Homeless drug addicts in San Francisco say they are locked in a cycle of abuse as many have been unwilling to enroll in treatment programs, according to the San Francisco Standard.
Drug addicts living on the streets in San Francisco say they cannot break their habits of drug abuse, despite the availability of city-run treatment centers, according to the San Francisco Standard. Some addicts have said that they have no reason to get treatment due to being homeless, while others have welcomed the idea of receiving treatment but have failed to enroll in a program.
A homeless man interviewed by the San Francisco Standard was found sitting on the curb next to a dose of fentanyl across from an addiction treatment facility, according to the outlet. Reporters from the San Francisco Standard informed the man of the location of the center that could provide him treatment for his addiction, however, after initially expressing interest in going, the man ultimately changed his mind and then attempted to purchase a beer from a nearby liquor store. (RELATED: Riders Are Dropping Dead On California Public Transit As Drug Crisis Escalates)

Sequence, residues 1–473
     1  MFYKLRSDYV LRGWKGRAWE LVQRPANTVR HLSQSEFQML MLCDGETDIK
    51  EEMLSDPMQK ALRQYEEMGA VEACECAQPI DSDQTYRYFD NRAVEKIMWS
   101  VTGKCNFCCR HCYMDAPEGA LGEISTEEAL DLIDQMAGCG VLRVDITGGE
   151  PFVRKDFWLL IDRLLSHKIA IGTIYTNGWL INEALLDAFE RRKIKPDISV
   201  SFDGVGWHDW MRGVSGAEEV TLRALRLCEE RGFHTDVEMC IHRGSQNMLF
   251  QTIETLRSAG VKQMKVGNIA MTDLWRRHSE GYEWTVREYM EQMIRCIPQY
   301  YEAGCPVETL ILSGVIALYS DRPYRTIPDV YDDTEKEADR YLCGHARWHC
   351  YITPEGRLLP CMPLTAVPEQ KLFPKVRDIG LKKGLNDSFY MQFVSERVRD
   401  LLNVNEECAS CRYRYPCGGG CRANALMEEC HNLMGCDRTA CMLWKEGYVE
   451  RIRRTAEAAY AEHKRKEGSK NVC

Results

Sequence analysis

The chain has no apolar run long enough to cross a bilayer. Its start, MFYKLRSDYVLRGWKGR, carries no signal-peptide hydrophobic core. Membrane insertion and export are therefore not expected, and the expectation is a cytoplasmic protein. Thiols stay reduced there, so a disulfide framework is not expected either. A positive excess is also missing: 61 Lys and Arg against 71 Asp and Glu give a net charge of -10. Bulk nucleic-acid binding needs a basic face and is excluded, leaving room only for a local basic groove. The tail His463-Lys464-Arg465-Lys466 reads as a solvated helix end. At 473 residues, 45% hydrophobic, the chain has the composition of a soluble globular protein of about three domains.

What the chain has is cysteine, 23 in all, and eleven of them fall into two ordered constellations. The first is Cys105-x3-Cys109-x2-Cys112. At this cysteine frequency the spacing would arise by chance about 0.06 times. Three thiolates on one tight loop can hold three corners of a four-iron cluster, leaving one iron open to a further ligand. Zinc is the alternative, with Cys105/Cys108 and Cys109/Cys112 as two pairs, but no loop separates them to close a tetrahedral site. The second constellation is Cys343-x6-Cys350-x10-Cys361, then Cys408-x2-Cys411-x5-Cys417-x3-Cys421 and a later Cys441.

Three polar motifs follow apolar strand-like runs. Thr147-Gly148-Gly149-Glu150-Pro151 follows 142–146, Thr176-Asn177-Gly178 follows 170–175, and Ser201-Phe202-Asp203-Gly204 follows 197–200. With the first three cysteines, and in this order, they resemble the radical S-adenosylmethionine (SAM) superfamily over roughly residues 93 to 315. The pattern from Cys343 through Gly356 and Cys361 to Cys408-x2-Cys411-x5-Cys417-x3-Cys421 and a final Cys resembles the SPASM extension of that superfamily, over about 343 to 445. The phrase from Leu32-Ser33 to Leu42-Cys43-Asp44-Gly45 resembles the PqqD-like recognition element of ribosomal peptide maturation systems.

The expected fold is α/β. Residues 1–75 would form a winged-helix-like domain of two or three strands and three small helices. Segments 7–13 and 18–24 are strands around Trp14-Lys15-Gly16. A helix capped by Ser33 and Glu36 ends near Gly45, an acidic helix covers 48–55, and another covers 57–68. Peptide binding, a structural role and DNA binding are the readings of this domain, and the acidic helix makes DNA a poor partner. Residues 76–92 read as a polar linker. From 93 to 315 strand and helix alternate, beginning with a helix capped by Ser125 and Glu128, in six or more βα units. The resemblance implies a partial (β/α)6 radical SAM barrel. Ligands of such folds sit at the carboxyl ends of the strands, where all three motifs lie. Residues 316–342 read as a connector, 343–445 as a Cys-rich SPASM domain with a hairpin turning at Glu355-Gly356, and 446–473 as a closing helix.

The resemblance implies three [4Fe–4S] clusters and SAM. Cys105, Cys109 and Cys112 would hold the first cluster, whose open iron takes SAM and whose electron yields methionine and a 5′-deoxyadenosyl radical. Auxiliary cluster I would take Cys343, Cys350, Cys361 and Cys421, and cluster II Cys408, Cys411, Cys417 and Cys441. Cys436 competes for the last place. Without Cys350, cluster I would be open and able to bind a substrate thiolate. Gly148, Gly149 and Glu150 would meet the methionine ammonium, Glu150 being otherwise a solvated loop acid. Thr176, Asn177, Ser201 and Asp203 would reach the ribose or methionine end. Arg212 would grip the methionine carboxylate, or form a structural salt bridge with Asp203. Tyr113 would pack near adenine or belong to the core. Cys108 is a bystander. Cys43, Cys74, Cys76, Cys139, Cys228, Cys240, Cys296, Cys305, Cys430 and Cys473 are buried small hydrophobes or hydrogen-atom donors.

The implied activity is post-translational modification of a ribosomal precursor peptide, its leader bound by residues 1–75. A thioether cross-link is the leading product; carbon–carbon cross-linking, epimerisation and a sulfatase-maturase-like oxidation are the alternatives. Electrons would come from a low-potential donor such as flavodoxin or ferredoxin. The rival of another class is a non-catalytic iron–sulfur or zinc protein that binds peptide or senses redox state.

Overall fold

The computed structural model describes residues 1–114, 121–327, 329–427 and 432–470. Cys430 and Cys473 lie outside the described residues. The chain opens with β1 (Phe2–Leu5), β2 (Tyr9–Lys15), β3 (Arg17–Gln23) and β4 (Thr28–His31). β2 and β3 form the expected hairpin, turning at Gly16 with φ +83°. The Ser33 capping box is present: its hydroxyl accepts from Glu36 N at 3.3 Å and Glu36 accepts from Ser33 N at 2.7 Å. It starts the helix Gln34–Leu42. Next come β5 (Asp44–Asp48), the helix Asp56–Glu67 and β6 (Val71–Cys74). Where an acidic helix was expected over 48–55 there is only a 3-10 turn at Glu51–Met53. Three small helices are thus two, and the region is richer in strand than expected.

Another homeless person the outlet spoke to said that she had no reason to get treatment for her addiction and that drugs were “helping” her. She also reportedly told the outlet that transportation to drug treatment centers presents an issue, implying that she may see other users on the bus.
“Why am I going to get clean when I’m homeless,” Maycie Stamps reportedly told the San Francisco Standard. “Drugs are helping me not to go crazy.”
“It’s a lot about getting there,” Stamps told the San Francisco Standard. “If I take the bus, I may end up seeing someone I know and end up fucking around.”
San Francisco’s most recently conducted one-night count of its homeless population in 2022 found that approximately 3,400 people were spending the night in homeless shelters, around 4,400 were sleeping on the street and about 20,000 experience homelessness in the city in a given year, according to the San Francisco Standard. The outlet also reports that homelessness in the city is down 3.5% since 2019, but still 13% higher than it was in 2017.
The number of homeless people in San Francisco that died in the year following the onset of the COVID-19 pandemic doubled from the previous year mainly due to drug overdoses, according to a University of California San Francisco study. Of the number of homeless individuals that died that year, 82% of them were caused by drug overdoses, according to the study.
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